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Student News December 22, 2021

Four Princeton graduate students awarded new research grants from the Program for Research on Inequality (PRI)

The Program for Research on Inequality (PRI)—a new research initiative within the Economics Department at Princeton University—is happy to announce that four Princeton graduate students have been chosen as recipients of new research grants. 

The grants, totaling $30,000, represent PRI’s commitment to supporting new, path-breaking research on inequality. PRI was formed in 2021 by Assistant Professor of Economics Ellora Derenoncourt, who in addition to her research and teaching activities serves as PRI’s founding director. 

“I’m thrilled that PRI can support these four outstanding projects,” said Derenoncourt. “They touch on critical topics like historical segregation and discrimination, racially disparate impacts of government programs, the legacy of slavery on inequality, and the economic impacts of mass incarceration on Black Americans. They span different geographic and temporal contexts and will push the frontier of research on racial and ethnic disparities forward.”

All four funding recipients are pursuing a PhD in economics at Princeton. Learn more about each student and their research below.

Lukas Althoff, Fourth-year PhD Candidate

Althoff’s research aims to better understand the historical roots of present-day racial disparities. The research shows that a large fraction of today's Black-white gaps in income, education, and wealth can be directly traced back to the history of American slavery.

"My project relies on bringing together a large number of modern and historical data sources. The funding for my project will help overcome the hurdles involved in digitizing records, linking them across sources, and creating a unified database. To extend the impact of this generous financial support beyond my project, I aim to make the database publicly available."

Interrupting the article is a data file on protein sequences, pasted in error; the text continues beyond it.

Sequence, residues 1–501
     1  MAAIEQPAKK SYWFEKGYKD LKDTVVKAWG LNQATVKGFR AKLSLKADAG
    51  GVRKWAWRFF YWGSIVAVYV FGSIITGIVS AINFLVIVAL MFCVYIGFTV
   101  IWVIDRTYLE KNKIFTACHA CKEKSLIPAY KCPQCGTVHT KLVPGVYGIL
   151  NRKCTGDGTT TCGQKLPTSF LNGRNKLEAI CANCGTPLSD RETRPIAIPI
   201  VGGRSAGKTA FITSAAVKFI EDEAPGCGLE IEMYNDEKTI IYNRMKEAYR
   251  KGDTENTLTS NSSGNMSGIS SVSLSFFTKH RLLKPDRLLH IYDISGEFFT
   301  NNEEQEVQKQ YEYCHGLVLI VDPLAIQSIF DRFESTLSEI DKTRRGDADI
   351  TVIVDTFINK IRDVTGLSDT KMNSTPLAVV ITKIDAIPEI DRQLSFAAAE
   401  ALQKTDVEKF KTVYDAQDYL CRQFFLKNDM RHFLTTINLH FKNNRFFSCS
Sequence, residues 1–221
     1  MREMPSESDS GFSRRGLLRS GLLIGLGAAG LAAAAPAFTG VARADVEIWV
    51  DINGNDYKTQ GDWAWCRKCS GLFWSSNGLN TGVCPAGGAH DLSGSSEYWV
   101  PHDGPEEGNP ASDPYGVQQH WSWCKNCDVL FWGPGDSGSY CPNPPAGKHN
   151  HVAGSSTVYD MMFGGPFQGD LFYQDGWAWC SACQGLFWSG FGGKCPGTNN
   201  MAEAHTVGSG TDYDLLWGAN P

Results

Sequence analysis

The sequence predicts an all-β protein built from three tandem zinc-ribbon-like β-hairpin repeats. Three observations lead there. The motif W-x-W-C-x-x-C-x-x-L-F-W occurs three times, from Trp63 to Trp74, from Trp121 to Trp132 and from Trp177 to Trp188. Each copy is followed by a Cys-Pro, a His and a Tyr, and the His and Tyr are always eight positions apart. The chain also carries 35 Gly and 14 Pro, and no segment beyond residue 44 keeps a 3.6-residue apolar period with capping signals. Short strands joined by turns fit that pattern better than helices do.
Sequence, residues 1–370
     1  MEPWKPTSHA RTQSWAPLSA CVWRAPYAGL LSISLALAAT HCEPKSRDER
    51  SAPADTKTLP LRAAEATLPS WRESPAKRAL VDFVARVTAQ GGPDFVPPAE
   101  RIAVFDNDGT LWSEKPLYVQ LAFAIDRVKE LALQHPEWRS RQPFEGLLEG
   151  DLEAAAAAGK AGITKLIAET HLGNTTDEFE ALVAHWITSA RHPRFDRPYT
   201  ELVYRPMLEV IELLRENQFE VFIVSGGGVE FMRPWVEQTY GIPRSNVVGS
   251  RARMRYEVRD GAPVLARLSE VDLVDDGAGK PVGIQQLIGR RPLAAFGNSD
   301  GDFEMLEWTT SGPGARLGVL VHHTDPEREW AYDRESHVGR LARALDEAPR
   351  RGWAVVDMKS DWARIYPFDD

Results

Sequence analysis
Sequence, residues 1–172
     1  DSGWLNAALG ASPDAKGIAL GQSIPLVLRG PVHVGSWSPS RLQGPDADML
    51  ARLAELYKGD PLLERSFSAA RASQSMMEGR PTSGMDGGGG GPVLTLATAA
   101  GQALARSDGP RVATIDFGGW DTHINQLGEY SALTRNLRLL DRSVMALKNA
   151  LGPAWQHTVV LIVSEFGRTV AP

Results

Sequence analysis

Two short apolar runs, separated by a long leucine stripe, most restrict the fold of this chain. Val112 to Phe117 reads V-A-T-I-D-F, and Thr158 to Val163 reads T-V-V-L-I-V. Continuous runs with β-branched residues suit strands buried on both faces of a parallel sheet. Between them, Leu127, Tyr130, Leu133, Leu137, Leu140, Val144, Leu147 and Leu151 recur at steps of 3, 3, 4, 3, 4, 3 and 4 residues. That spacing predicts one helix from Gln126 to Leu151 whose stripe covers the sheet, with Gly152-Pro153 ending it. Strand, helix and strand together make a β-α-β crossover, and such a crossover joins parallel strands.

Christiane Szerman, Fifth-year PhD Candidate

Szerman’s research will use historical and contemporary data to revisit the “legend” of the G.I. Bill and shed light on how much it ultimately contributed to the racial wealth gap in the second half of the 20th century. The G.I. Bill is often credited as an affirmative action policy targeting veterans that ultimately created the middle class in the US after WWII, enabling hundreds of thousands of veterans to buy houses and pursue education. Despite its race-neutral nature in statutory terms, the G.I. Bill had markedly different impacts on Black and White veterans as the benefits were disproportionately extended to the White veterans, further enhancing the racial wealth disparities in the country. 

"I am planning to hire undergraduate Research Assistants with the funding. It is a great opportunity, as a graduate student, to learn about training and mentoring undergraduate Research Assistants and to ensure that your research can be easily replicated.”

Jing Wu, Second-year PhD Candidate

Wu’s research will study how much of the racial gap in intergenerational mobility can be explained by mass incarceration that disproportionately affects the Black community. The research will add to our understanding of the role the carceral system plays in creating or perpetuating racial inequality in the U.S.

"The biggest challenge is in bringing data from different sources, and the funding will greatly facilitate this data linking process. I’m also excited to be able to connect with the broader academic community on similar topics."

Atsushi Yamagishi, Third-year PhD Candidate

Yamagishi’s research aims to estimate the severeness and persistence of discrimination against buraku, a historically discriminated group in Japan. Discrimination against the buraku is distinctive in that while the discriminated group has few visible differences from the non-discriminated one, living in a small historical residential area of the discriminated people (buraku area) signals affiliation with the discriminated group. By focusing on this feature, Yamagishi develops a method to estimate the cost of belonging to the discriminated group from land price data and applies it to Kyoto city over more than 100 years.

"Using the funding from the PRI, I plan to digitize land price data during the 1960's-1990's and other historical resources. My digitization plan is large-scale and financially costly because the land price data in each year covers the entire Kyoto city. The funding will help in overcoming this challenge."

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